If it’s Christmas, it must be Pantomime season, which is excellent timing for the release of Smoke and Mirrors (Quercus, £16.99), the second in Elly Griffiths’ series featuring Detective Inspector Edgar Stephens and stage magician Max Mephisto.

When a pair of local children are murdered, Stephens finds himself looking to gruesome fairy tales for clues, while Max suspects that his turn as the villain in the local pantomime may yield something of importance to the investigation, and newly recruited Sergeant Emma Holmes is determined to prove her insight by solving the case with or without the help of her male colleagues. The 1950s setting is sharply realised with a convincing and captivating authenticity of attitude , and while the climax might not surprise a seasoned crime audience, the use of fairy-tale tropes and the dark reimagining of old Grimm Brothers tales that come from the mind of a 13-year-old girl may send a shiver or two down the spine.

The setting and theatrical background of Brighton distinguish a tale that doesn’t necessarily shock with its procedural plot, but instead relies on its empathetic cast, authentic period detail and nuanced depictions of the world of variety to keep readers turning those pages.

Anders De La Mott’s latest novel, MemoRandom (HarperCollins, £7.99) amps up the adrenaline from its opening pages as Police detective David Sarac awakens in a Stockholm hospital following a horrific car crash preceded by a stroke. His memory is fuzzy, but he knows that he has done something terrible while attempting to protect an informant. Meanwhile, Atif Mohammed Kassab returns to Sweden seeking the person he holds responsible for his younger brother’s death. Both men are connected by an undercover agent known only as Janus.

De La Mott’s swiftly paced thriller is a barrage of cross, double cross and even triple cross that threatens at times to overwhelm the reader. Luckily, the translation by Neil Smith is simple, direct and clear, if occasionally a little too formal. The inevitable build up to a bloody resolution is entertainingly structured, if perhaps a little over the top for some tastes. But it pleasingly goes against the grain of Scandi-crime’s gloomily meditative reputation.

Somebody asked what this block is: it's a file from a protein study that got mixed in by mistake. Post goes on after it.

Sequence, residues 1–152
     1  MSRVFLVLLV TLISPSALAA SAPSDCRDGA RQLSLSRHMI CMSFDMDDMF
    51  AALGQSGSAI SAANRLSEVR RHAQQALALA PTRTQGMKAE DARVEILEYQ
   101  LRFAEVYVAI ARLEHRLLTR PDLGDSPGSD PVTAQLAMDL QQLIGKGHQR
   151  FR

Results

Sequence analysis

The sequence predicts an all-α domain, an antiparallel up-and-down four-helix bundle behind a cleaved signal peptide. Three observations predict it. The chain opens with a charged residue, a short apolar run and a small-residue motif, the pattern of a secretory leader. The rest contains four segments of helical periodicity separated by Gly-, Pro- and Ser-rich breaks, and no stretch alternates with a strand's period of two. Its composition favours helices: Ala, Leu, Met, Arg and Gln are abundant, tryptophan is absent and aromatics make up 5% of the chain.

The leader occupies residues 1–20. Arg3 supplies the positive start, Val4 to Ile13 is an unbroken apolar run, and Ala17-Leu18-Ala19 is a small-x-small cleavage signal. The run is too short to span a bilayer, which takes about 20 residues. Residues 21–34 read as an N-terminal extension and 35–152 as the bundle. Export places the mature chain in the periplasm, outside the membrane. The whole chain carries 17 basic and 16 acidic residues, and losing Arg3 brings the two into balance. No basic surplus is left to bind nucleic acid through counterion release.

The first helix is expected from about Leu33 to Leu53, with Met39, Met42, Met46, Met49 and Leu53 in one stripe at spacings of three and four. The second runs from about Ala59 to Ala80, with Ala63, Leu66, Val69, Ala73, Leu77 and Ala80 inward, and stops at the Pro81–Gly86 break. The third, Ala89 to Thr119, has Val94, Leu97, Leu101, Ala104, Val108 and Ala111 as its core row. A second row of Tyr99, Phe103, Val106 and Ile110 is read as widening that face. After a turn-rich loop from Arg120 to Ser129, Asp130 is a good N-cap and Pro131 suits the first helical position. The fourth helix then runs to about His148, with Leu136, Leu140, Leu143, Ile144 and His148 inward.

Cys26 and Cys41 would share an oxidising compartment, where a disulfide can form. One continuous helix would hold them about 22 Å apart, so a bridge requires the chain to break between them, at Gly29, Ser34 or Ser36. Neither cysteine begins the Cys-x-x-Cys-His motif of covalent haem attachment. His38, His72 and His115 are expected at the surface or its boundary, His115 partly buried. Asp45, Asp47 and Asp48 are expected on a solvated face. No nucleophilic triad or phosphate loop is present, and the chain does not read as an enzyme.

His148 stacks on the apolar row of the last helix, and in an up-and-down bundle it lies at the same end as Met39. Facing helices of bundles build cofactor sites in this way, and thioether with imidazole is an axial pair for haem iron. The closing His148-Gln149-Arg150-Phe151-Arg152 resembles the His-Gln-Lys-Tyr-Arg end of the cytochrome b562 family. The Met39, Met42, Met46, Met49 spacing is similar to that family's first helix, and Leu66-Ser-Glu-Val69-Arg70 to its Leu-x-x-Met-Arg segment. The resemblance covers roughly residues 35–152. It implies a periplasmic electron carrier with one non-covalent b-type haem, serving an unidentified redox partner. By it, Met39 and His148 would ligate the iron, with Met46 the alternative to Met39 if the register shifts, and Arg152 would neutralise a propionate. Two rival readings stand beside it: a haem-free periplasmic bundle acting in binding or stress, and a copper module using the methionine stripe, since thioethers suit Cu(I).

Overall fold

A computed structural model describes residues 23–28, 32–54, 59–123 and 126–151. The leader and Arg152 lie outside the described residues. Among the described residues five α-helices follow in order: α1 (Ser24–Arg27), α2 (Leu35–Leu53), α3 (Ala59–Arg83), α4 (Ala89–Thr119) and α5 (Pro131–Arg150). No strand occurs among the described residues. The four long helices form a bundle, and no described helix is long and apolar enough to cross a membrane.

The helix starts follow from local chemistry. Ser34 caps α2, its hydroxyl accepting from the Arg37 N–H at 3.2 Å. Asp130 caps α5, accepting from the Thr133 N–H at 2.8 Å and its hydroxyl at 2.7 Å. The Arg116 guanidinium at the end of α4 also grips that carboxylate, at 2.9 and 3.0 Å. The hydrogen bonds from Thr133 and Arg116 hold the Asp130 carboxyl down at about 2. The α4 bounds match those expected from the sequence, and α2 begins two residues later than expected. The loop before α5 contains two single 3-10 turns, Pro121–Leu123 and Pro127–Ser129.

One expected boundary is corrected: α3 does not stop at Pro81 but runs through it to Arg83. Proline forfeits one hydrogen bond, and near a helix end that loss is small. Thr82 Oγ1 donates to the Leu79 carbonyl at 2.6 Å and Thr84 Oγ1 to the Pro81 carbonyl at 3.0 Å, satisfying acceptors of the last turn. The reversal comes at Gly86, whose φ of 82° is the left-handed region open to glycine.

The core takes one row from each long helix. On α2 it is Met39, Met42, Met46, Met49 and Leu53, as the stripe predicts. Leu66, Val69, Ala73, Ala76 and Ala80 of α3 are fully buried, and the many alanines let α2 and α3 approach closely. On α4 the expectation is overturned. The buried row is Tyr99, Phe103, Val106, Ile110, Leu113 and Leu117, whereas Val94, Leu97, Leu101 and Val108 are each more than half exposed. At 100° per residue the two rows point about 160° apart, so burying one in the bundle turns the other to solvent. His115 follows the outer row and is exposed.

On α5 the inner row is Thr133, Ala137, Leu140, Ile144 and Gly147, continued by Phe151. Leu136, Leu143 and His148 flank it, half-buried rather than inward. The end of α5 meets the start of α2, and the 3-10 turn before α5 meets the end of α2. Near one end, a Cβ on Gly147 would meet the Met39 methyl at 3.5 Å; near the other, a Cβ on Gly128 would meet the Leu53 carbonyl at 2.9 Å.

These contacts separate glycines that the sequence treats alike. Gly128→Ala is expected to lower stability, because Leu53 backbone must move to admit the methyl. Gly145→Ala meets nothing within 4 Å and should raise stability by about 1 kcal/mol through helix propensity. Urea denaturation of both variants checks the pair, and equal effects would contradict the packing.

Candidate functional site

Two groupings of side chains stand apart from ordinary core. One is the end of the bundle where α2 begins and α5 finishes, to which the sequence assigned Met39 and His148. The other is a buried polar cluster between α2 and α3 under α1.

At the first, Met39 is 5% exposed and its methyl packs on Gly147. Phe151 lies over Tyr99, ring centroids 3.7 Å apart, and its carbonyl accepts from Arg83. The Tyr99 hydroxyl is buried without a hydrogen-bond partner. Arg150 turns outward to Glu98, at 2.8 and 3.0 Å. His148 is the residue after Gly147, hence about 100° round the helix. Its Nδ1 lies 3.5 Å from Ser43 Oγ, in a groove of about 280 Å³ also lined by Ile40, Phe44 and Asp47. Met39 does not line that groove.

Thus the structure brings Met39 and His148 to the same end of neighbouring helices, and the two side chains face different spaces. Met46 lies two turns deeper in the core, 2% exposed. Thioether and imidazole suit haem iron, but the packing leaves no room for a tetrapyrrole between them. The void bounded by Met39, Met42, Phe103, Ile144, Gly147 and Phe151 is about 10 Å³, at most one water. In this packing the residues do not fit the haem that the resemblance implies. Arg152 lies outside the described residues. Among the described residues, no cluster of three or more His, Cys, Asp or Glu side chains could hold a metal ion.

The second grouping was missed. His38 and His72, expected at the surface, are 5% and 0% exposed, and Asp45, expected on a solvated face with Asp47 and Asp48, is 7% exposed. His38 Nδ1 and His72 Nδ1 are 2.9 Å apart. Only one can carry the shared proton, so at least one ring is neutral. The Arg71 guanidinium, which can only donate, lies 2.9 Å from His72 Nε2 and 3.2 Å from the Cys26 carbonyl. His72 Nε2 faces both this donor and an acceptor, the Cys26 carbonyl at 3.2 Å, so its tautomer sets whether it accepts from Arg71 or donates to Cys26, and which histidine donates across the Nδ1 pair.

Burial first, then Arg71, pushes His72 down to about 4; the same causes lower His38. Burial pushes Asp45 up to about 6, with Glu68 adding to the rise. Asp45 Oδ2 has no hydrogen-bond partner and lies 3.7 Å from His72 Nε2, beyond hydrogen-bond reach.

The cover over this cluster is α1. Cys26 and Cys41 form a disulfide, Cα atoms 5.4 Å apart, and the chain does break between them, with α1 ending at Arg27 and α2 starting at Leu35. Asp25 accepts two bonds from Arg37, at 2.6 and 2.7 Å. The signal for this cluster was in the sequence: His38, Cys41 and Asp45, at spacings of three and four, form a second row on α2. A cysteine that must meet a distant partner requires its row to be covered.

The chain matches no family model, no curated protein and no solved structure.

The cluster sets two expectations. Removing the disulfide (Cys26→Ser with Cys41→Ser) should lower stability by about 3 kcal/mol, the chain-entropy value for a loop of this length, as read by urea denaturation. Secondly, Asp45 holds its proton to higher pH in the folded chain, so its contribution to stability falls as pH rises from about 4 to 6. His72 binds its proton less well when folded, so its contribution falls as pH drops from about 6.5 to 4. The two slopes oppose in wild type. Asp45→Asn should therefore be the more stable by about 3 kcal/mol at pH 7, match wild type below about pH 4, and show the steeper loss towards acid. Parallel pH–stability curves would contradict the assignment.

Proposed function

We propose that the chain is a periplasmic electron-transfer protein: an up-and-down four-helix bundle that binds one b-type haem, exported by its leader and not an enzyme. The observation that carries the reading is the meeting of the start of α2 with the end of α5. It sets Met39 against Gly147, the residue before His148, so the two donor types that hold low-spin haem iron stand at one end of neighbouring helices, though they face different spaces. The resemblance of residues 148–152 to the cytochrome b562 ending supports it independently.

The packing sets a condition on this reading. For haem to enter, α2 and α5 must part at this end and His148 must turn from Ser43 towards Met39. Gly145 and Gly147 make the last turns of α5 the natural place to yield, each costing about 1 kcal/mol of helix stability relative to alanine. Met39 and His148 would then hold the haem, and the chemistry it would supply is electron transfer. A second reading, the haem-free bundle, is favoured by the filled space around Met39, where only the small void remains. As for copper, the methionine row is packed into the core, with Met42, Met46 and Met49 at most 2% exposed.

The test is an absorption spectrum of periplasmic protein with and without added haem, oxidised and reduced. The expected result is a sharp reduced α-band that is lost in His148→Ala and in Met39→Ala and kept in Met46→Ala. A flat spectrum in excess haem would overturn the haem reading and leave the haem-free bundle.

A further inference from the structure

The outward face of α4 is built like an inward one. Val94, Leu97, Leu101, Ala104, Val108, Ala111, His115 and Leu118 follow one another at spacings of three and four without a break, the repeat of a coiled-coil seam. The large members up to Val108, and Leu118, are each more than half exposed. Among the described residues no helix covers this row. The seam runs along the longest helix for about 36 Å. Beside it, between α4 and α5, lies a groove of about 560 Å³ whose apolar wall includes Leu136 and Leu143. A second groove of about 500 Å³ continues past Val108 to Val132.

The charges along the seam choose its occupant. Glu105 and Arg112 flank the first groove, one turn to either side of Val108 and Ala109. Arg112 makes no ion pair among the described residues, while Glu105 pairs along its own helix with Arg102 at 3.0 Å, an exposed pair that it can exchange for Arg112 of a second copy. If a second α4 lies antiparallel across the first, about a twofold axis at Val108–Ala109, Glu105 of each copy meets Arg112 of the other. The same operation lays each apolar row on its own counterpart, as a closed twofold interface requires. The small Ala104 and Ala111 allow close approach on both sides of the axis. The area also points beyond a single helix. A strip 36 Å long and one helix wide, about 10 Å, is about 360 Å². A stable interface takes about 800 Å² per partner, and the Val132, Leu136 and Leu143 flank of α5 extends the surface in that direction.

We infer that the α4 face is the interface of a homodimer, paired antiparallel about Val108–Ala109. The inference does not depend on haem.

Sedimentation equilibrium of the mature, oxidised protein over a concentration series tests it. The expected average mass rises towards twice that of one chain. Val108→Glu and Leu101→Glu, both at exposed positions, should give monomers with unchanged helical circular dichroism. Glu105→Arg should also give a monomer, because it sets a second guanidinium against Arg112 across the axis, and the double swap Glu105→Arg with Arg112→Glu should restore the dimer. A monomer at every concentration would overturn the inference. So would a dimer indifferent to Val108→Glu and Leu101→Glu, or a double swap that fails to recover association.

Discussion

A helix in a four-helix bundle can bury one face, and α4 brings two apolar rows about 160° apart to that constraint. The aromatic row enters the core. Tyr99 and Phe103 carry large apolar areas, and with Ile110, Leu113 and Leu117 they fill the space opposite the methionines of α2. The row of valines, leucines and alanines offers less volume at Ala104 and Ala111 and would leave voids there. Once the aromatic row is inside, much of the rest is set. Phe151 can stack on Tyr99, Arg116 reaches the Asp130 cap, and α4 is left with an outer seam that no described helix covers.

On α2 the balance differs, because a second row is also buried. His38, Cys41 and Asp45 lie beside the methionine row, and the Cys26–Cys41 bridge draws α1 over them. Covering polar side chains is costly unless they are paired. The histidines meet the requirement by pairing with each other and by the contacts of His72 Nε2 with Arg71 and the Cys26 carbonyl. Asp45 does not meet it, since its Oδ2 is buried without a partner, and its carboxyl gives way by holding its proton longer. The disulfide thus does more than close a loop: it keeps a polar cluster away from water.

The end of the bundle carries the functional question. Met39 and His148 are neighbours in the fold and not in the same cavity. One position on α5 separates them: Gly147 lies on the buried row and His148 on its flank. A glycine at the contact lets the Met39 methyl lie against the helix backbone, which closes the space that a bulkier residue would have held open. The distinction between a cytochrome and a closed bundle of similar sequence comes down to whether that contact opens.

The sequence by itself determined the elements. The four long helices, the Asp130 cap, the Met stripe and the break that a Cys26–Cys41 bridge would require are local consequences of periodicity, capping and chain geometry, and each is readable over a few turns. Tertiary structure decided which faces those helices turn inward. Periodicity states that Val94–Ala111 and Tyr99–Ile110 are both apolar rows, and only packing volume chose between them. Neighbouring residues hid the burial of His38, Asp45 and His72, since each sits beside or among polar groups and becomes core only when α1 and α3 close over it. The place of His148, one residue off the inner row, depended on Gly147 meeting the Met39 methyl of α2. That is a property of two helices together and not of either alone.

A more realist tone is to be found in Adam Brookes’ Spy Games (Sphere, £18.99). Journalist Philip Mangan is in hiding from Chinese nationalists, who have identified him as British spy. But his old life is catching up with him, and his peripheral witnessing of a terrorist attack plunges him back into a world of intrigue and danger he thought he had left behind.

Brookes, a BBC correspondent, has clearly done his research, as evidenced by the confidence with which he presents his convincing world of international double crosses and political intrigue. This isn’t the no-holds-barred high-octane thriller that would-be Flemings lazily recycle, but a more nuanced and terrifying experience that will occasionally leave the reader’s head spinning as they attempt to connect all the dots. Comparisons to John Le Carre are inevitable, but may be justified; Spy Games is a convincingly mature book that demands its readers engage with the narrative. As with the master himself, you might not always be certain what just happened, but the real thrill is in the tense set pieces, the muscular prose and the occasionally comforting impressions that even some of the spies involved in this international conspiracy are sometimes as much in the dark as anyone else.

With a novel of this scale, it’s all too easy to rely on the crutch of recounting global history, but Brookes expertly hides necessary exposition in drama; he’s a natural storyteller, and a thrilling new voice, and Spy Games will make you want to seek out his debut, Night Heron.

Finally, The Lost Detective: Becoming Dashiell Hammett (Bloomsbury, £16.99) examines the early life of one of crime fiction’s most famous innovators. In recent years, a number of new books on Hammett and his life have emerged, meaning that this latest from Nathan Ward seems at first glance almost unnecessary. However, the focus on Hammett’s formative years as a real-life detective quickly distinguishes this biography from the pack, giving insight into the influential author that most biographies quickly brush over in favour of talking about the publication of The Maltese Falcon.

Hammett himself may be, in part, responsible for this dearth of material on his experiences as a private eye. He is slippery and contradictory about his work with the Pinkertons whether for reasons of self-aggrandisement or to protect colleagues and clients. But Ward scrutinises the evidence with the same diligence that a good operative, such as Hammett himself, would have shown, piecing together a narrative that describes how a man who showed no previous interest in writing became one of the most famous voices of American literature.

It’s the little details that intrigue, such as Hammett’s claim that his famous detective, The Continental Op, was based on the real-life “Jimmy Wright”. As Ward points out, a deeper examination shows that no one registered under that name was ever employed in a senior position by the Pinkerton Offices. However, it was often used as an alias by several detectives, giving more weight to a later claim by Hammett that the Op was a composite of “half a dozen men who might be he.”

With its sharp focus and strong hook, The Lost Detective is a fascinating read. Far from being superfluous, Ward’s accessible yet intelligent biography casts Hammett in a new and intriguing light.